homemade "scopebuggy" pics?
Posted 29 June 2009 - 06:46 AM
I really need something with larger tires than what I see with commercial units. I have a gravel driveway, and often have to move across the yard. Small wheels would not work well.
So, I may build my own. Anyone have pics of theirs they can post? I'd love to see ideas.
One thought ... just have a wood beam across two tripod legs (under the feet) with two tires attached. I can then tilt the mount/tripod back and wheel it around. The third tripod leg sits directly on the ground.
Posted 29 June 2009 - 08:52 AM
Larger tires than on the Scopebuggy? They are already something like 10" in diameter and wide with a heavy tread, larger than that and I think you're into much heavier ATV or small car wheels. I know the standard JMI wheelies use small hard wheels which would have a difficult time on a gravel driveway (JMI does have an option for the larger wheels) but the Scopebuggies wheels are considered large and soft. If you really need more than the Scopebuggies wheels then you are into some serious "off roading" ... lol.
There isn't a lot of ground clearance at the front wheel with a Scopebuggy so abrupt changes (sidewalk edges, potholes, etc.) would be a problem but I have no problem taking a Scopebuggy over what is considered a rough driveway or lawn. Stones up to about 2" are not a problem.
I've seen a few homemade configurations pictured here on CN, including a few really creative dolly type setups for alt az mounted scopes. I like the idea of two wheels and lifting the third leg for shorter runs with only the mount. I already do something like that (lift the front wheel off the ground) when I'm going over edges and such with my Scopebuggy.
Posted 29 June 2009 - 11:37 AM
Yes, I will need some type of pneumatic tires to get across rough gravel, stones, and driveway edging, etc.
Curious .... how is it it, vibrationwise, viewing through a scope when it's resting on those pneumatic tires? Do you have to take the tripod off the buggy?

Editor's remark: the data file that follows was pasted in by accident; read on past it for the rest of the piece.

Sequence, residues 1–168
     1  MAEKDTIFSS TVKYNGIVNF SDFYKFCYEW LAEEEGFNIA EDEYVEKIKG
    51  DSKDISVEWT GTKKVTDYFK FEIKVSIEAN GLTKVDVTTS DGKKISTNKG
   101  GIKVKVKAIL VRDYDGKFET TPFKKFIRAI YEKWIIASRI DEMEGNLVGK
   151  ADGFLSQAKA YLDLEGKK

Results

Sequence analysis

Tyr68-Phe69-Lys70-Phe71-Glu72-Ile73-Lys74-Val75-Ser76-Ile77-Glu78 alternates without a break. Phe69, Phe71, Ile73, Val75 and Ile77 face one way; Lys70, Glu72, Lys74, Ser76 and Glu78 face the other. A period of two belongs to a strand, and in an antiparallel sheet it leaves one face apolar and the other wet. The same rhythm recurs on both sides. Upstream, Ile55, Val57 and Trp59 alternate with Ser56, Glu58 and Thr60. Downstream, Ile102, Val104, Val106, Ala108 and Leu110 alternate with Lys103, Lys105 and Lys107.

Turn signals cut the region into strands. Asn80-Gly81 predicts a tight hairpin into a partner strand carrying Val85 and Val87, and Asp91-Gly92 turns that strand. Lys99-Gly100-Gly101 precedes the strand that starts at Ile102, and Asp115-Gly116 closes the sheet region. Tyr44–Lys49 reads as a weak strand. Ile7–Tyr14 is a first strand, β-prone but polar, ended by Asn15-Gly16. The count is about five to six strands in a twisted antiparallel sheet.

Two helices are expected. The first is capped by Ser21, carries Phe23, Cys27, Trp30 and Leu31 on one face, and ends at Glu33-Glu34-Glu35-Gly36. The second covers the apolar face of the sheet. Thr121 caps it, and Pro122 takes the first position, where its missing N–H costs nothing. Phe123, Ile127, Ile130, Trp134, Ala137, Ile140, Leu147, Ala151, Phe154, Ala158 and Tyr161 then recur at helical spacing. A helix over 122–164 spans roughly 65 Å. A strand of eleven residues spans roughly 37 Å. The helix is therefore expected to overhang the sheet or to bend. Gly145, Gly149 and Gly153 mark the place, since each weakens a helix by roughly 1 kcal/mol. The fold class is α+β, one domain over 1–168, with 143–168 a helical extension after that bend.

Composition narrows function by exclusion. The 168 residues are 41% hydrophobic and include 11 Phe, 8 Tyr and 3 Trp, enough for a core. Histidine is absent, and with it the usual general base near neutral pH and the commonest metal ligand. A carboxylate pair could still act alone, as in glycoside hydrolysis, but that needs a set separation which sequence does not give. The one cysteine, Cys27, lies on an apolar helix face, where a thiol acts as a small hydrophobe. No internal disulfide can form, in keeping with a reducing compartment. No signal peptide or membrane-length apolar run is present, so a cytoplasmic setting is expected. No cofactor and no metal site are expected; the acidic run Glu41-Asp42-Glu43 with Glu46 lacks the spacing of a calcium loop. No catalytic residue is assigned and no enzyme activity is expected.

Posted 29 June 2009 - 12:59 PM
Posted 29 June 2009 - 08:33 PM
Viewing with everything resting on the tires is not a problem. I haven't had any vibration or goto realignment issues. I have one level spot where I don't need the levelers and I've accidently kicked the tires a few times while observing. The scopebuggy w/G-11 doesn't move.
Posted 30 June 2009 - 04:35 AM
It will prob. be faster if I save up a few months and just buy one.
Many thanks all.
Posted 30 June 2009 - 10:42 AM
I prefer all 3 wheels pivot. My scopes are stored in my basement shop, which has only a 27" wide doorway, so I need the space between tripod legs to worm my way around the doorjamb.
I have my 8" f/6 Springfield on one of these, an EM-10 on another (that holds either a C-8 or a 6" f/10 Newt, though the 6" has to be moved separate from the mount), and a Super Polaris on a Quickset Hercules tripod (pictured here).
This dolly was made with some 1x4's I had laying around. Subsequent dollies I use 2x4's arranged in a "T", like the first link above.
But I prefer all three wheels pivot for maneuverability. I also prefer to move them by pushing on the legs about midway up and/or putting my foot on the dolly to help the scope over bumps and cracks in our brick patio between my shop and my observing site on the grass. That way I have a firm grip on it if it ever wants to get tippy (or is that tipsy?)
All my dollies have different wheels, depending on what I had laying around at the time. The one pictured here has small wheels, but it does okay. The one that works best has 4" narrow wheels from Harbor Freight. These go right across the lawn and bricks without a care. I would think 6" wheels would do fine on most surfaces, possibly even gravel.
I don't like the way the scope buggy is used. I would be very nervous with me at the end of that long handle and the scope at the other, on the dolly. Back before affordable laptops for field use, I used to move my desktop computer around on an old dresser that I put wheels under, and a handle on the end. Once, a wheel caught in a rut when I was moving it around to the other side of the house (for morning planets) and it was like watching a train wreck in slow motion as the computer gently toppled off the back of the dresser on the side away from me. It still worked after that, but that cracked and skewed case always looked rather sad to me.
Posted 30 June 2009 - 10:57 AM
When observing from my driveway (the east side of the house), I simply put 2 of the wheels in a seam between concrete slabs and I'm good to go. If I set up in the same place, and roll into the crack from the same direction, I'm automatically polar aligned. But most of my mounts have good polar alignment scopes anyway, so getting aligned only takes a couple minutes each time.
Posted 30 June 2009 - 01:32 PM
Posted 30 June 2009 - 04:05 PM
So, I just ran a wood screw through each.
On my other ones, the tripod tips fit into holes in the 2x4, and the Springfield is sitting on a "tray" (first one I built has a floor for putting the drive corrector and stuff on. Gravity is hold those scopes down. When I push them around, I have a firm grip on the tripod, so they haven't fallen off (yet).
Posted 30 June 2009 - 04:09 PM
Posted 03 July 2009 - 03:29 PM
Thanks for posting the pics.
Posted 03 July 2009 - 07:26 PM
Posted 09 July 2009 - 10:36 AM